Friday, December 7, 2012

How Do You Get Them to Scoop the Poop?

Mountainous piles of un-scooped dog poop seem to be a problem all over the world.

In the United States, people who keep track of these things estimate that about 40% of American dog owners leave their dog's poop for someone else to pick up.

Poop scooping laws probably make the legislators feel useful but so far haven't had much of an impact on the poop problem.

What about signs that tell you to pick it up?

They work well in countries like Japan, where everyone is law-abiding.

A poop that could walk would make it easy!
But then, no country would have a compliance problem if the poop would actually pick itself up and follow you home, as in the poster above.

Where the signs don't work, France for instance, people must come up with other solutions. In Paris, poop collectors used to suck it up as they rode about on their "motocrottes."
A French Motocrotte
In England, unauthorized dog poop falls under the jurisdiction of the anti-terrorist laws and is monitored by the ubiquitous surveillance cameras. Brighton's Dog Control Order, passed in 2009 provides for fines of up to £1,000 for those who don't scoop the poop.A British association called Big Brother Watch found that 345 different town councils had invoked anti-terror laws 9607 times against pooping dogs and other equally heinous criminals 9607 times over a period of 3 years.

Hastings, on the other hand, liked the French idea, and in 2011 purchased four vacuums called "Henry the Hoover."
All vacuum cleaners are called "hoovers" in England.
The verb is "to hoover," as in, "I hoovered the carpet this morning."
The Hastings' Henrys probably look like this:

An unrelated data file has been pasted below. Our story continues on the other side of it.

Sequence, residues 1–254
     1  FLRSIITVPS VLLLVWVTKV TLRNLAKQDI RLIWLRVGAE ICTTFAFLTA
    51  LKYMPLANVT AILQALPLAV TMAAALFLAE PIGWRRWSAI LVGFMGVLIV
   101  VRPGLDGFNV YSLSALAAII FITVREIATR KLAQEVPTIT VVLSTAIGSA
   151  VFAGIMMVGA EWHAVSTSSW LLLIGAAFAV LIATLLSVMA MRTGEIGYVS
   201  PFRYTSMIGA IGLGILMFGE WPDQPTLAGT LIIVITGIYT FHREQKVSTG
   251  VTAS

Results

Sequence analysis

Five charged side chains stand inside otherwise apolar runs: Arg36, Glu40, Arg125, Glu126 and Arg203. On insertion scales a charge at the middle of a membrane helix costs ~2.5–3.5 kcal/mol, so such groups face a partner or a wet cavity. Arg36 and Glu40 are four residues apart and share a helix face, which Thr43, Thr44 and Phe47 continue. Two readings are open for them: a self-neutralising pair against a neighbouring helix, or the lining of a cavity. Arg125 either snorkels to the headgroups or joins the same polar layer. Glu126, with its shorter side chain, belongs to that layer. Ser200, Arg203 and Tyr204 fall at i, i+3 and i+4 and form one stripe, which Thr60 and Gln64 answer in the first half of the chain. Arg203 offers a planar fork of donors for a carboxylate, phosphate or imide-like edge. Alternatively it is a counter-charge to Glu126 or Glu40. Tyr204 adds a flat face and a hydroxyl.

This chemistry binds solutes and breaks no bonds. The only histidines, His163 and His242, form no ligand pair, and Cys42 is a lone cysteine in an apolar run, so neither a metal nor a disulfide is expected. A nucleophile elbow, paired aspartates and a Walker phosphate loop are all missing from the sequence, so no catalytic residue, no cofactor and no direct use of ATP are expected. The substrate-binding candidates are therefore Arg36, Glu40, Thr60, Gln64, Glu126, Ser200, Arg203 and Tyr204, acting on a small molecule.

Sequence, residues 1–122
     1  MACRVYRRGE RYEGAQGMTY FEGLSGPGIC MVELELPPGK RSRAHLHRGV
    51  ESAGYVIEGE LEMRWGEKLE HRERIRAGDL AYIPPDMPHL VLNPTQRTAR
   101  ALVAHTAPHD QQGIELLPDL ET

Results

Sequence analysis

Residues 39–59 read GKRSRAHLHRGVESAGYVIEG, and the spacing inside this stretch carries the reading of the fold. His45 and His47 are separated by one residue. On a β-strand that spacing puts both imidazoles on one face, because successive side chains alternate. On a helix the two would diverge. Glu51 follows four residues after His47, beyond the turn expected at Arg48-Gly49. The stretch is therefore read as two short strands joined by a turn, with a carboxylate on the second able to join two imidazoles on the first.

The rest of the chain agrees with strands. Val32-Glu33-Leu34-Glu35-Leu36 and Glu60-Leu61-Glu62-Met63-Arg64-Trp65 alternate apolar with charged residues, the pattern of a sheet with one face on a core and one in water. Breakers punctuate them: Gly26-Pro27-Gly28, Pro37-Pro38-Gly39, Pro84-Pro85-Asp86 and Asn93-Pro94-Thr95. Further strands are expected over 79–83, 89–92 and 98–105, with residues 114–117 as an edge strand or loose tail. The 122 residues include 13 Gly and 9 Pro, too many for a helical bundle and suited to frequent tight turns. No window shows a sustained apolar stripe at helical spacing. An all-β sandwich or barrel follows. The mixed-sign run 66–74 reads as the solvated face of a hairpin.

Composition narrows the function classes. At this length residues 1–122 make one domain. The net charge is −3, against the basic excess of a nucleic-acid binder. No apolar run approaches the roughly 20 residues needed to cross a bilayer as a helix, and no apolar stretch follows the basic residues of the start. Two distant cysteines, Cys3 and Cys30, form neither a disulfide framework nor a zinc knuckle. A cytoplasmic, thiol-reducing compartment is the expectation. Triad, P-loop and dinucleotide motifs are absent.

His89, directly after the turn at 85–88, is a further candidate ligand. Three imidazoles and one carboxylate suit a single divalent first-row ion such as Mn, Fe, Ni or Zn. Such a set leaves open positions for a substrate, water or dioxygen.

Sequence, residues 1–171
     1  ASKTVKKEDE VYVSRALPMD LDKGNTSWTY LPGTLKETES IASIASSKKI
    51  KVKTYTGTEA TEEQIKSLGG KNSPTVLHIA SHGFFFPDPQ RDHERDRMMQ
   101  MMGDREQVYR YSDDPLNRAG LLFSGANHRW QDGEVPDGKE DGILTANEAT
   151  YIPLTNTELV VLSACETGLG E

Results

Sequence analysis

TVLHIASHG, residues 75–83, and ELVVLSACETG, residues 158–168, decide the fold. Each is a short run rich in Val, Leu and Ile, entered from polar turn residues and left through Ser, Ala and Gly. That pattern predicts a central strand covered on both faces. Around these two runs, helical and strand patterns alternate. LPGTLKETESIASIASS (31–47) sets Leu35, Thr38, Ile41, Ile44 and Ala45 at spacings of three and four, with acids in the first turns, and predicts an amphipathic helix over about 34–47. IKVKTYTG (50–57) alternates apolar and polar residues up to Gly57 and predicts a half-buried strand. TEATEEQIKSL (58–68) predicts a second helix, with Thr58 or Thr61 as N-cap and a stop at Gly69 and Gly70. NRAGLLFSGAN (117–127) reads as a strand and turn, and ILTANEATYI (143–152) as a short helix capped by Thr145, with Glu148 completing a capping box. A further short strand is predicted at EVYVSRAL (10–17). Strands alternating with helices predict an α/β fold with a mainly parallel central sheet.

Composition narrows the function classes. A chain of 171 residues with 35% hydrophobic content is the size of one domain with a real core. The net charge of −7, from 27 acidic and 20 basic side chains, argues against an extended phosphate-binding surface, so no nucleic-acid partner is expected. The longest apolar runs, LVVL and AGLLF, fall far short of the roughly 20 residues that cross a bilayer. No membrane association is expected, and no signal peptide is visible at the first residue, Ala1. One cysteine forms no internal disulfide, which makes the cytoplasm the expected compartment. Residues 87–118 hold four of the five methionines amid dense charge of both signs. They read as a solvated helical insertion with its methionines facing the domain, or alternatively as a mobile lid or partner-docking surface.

The town council estimated that Henry would save them £420,000 a year.

In 2009, there were plans afoot in a small town in Germany to collect fur or saliva from all 420 resident dogs so as to do DNA matching and fine owners of any poop that might be found. 

I can't find any evidence that the scheme ever got off the ground.
DNA testing is starting to gain some traction in the U.S., however. As of August of this year, a company called PooPrints tracks down poopetrators for hundreds of property managers in 30 states.

The town of Petah Tivkah, near Tel Aviv, does DNA testing with a twist. If the poop examiner finds your dog's leavings a a marked receptacle, you get a reward--coupons for dog food or toys.

You get a reward for putting it here, a fine if you leave it on the street.

If he finds it anywhere else, you get a fine.

But sometimes, if the government fails to take action, and the private sector fails to see any financial incentive for collecting poop, you just have to take the law into your own hands. This is Super Vaclav.

He is Prague's self-appointed dog poop enforcer. If he sees your dog poop, and you don't pick it up, he will punish you by throwing it at you or smearing it on you. I doubt whether he is still active, but videos of him from 2011 are widely available.

Does anyone have any other ideas?

Could Your Dog Learn to Drive?

In case you weren't watching the news lately, 3 dogs in New Zealand have learned to drive a car.It only took 8 weeks for the dogs to learn, which wasn't as long as it took me.